You may send an email to email@example.com
Not at this time, but we're told that it runs under some of the PC emulators.
Commercial use includes preparing or processing elements used in the creation of commercial film and video projects, or creating datasets that will be made available for sale directly.
Click on the Purchase tab in the header of this website.
The academic license is offered at a 50% discount. Send an email with your request to firstname.lastname@example.org. Be sure to indicate your academic institution in the body of your email. The academic license is restricted to academic and non-commercial use. Though at one point we used to offer a free license, version 1, we do not any longer.
All these features are supported in the latest version, called HDRShop 3.1 This is a major update of the software. A list of features is available in the Features tab of this website. If a given feature you want is not supported, send an email to email@example.com and we’ll have our programmers review feasibility of implementation. HDRShop 3.1 also features a much more flexible plug-in architecture allowing you to add your own features.
Some of our research has made use of ball bearings from:
King Bearing, Inc., a subsidiary of Applied Industrial Technologies has many locations nationally, check www.superpages.com for one near you.
You may also find ball bearings in the McMaster-Carr catalog.
The shiniest seem to be the 2-inch chrome balls, which are less than $20 each. This is the type used for Fiat Lux and for most of the Image-Based Lighting paper. For Rendering with Natural Light and the Grace Cathedral Light Probes, we used a 3-inch ball.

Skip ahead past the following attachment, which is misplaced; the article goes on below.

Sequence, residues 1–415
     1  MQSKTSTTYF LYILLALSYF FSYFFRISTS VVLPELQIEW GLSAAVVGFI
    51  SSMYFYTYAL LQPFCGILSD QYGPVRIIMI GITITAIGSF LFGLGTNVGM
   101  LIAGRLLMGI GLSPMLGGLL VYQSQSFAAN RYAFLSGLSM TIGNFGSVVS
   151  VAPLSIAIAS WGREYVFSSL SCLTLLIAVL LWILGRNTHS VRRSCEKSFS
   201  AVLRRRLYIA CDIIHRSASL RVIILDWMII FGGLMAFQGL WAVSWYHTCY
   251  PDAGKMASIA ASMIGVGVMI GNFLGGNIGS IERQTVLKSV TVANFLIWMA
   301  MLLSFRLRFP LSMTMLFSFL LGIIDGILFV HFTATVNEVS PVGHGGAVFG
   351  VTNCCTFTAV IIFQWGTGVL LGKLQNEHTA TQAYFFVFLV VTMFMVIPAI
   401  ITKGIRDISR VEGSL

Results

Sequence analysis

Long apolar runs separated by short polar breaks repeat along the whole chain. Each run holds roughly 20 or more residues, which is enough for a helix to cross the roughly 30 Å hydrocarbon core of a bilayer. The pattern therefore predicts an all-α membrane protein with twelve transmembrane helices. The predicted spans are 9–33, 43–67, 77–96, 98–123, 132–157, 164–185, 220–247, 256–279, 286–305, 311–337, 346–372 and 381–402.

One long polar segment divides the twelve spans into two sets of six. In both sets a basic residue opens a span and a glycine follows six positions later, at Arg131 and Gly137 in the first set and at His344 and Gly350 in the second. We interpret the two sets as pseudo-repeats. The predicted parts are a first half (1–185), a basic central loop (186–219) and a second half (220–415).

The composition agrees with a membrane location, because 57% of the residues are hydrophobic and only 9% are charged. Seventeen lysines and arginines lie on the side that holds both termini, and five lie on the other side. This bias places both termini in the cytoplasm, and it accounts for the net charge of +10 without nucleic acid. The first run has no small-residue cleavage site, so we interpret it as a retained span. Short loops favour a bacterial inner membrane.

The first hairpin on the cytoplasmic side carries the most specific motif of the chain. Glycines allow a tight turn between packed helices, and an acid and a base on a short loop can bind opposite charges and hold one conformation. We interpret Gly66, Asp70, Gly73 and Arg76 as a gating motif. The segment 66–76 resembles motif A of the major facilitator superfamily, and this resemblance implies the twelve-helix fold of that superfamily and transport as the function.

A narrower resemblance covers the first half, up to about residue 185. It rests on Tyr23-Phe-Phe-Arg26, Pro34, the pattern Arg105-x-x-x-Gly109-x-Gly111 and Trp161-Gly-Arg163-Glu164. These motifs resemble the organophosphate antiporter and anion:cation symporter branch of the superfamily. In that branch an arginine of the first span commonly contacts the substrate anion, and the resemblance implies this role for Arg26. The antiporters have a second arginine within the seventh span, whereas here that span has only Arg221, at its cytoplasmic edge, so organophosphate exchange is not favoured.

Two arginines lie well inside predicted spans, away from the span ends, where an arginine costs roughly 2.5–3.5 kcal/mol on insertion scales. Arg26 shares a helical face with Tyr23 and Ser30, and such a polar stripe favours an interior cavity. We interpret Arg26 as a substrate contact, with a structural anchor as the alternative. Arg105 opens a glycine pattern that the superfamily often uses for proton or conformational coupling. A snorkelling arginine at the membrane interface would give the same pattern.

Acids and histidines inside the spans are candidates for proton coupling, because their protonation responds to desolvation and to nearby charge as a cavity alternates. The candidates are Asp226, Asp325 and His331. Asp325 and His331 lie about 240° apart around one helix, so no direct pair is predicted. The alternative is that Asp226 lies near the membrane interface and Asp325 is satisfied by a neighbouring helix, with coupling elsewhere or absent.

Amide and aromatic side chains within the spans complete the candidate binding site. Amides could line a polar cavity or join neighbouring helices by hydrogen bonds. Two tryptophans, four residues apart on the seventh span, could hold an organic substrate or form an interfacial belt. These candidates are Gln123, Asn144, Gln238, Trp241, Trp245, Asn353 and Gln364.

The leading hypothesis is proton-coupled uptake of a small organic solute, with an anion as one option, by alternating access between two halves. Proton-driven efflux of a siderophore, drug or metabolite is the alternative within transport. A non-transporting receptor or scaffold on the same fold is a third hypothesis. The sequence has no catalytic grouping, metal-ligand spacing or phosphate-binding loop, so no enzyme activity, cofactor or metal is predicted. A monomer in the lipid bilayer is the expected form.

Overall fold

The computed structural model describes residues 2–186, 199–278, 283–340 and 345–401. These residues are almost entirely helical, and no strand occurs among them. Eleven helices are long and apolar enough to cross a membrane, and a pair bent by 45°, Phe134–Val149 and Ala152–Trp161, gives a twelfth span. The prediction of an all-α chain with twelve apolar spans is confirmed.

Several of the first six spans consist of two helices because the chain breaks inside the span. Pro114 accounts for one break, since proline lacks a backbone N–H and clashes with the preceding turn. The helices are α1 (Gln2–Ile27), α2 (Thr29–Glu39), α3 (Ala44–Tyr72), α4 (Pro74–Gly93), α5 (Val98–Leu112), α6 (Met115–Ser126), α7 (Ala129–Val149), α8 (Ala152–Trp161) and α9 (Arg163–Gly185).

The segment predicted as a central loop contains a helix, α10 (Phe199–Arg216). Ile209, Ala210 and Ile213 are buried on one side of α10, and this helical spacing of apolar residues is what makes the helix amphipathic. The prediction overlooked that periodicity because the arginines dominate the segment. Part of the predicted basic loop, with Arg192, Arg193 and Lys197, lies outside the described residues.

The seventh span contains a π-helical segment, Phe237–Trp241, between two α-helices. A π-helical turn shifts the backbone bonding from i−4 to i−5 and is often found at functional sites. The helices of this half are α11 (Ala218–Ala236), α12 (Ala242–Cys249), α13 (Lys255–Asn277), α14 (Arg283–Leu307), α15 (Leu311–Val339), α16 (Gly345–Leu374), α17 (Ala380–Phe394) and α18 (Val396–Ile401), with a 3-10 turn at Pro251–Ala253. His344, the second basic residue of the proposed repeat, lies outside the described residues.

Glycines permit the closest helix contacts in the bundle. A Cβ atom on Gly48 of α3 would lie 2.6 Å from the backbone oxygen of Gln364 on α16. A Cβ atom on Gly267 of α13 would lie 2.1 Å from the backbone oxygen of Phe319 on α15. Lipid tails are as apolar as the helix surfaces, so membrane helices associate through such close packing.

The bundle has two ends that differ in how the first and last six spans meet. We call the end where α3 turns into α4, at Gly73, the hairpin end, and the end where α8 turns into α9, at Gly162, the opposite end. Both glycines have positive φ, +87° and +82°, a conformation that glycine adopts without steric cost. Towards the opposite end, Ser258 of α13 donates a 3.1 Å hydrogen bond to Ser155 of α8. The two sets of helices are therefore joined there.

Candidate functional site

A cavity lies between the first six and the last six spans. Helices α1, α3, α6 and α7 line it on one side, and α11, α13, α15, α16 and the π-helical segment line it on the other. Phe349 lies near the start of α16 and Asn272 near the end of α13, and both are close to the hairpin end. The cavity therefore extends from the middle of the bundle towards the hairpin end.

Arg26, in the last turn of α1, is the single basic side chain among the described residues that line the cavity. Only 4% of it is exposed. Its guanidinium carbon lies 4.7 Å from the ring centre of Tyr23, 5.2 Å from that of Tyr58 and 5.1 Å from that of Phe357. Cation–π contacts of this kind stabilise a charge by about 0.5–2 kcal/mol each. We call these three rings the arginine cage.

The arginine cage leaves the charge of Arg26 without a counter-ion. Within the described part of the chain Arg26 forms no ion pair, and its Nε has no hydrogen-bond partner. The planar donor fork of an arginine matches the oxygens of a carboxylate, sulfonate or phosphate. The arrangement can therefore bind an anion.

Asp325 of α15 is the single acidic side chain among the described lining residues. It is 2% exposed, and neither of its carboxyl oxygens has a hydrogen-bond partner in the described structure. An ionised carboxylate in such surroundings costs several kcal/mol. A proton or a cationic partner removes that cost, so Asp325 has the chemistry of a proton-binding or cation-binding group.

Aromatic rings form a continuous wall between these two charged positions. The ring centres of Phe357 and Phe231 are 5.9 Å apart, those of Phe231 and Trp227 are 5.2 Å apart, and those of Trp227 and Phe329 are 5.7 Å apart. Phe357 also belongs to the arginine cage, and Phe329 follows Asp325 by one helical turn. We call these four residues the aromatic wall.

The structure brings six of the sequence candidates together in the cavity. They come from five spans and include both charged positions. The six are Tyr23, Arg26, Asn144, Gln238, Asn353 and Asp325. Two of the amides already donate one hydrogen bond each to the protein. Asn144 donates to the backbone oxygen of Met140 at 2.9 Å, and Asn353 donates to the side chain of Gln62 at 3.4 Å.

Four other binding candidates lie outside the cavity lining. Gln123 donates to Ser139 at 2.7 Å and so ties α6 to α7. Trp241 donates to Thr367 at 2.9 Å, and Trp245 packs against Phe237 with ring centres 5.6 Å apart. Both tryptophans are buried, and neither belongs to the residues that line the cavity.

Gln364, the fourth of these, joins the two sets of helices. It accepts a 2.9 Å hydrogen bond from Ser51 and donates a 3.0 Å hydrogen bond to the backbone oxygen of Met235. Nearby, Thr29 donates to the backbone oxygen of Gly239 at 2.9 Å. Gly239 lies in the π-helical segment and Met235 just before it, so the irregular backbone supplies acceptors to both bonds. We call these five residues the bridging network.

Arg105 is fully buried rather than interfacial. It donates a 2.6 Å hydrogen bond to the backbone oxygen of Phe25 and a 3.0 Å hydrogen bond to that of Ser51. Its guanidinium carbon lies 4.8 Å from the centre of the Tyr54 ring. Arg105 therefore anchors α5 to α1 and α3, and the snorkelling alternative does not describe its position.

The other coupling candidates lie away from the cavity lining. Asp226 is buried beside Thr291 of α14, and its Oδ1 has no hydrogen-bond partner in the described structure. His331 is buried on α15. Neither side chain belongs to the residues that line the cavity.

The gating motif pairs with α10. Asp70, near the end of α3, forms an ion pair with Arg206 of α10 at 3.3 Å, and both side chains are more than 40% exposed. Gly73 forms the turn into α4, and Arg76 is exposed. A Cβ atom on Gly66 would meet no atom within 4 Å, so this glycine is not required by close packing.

Large Gazing Balls, made of glass and plated on the inside with a mirror-like material, can be ordered from Baker's Lawn Ornaments. They are available in 6, 10, and 12-inch diameters. They are not optically perfect, as their surfaces are somewhat rippled and the front surface of the glass will produce a faint secondary reflection.
Yes - mirrored spheres are never 100% specular, and you should compute and adjust for the percent reflectivity of any sphere used for measuring incident illumination. This can be done by placing the sphere near white or gray diffuse surface in such a way that that the surface is visible directly and is also visible as a reflection in the sphere. Photograph this with a camera for which a response curve is available, and then divide the pixel value of the reflection by the pixel value of the surface to obtain the reflectivity in the red, gree, and blue channels. Then, divide the pixel values of any image taken of the sphere by these numbers to have a probe image that is calibrated with repsect to images (such as background plates) taken directly by the camera. Typical metal sphere reflectivities are in the range of fifty to sixty percent.
You should take care to clean the ball of dust and grease before using, and to handle it with a white cotton glove such as those sold at photography stores to handle photographic negatives. If a ball bearing gets wet, it will rust, so make sure not to leave it outside overnight.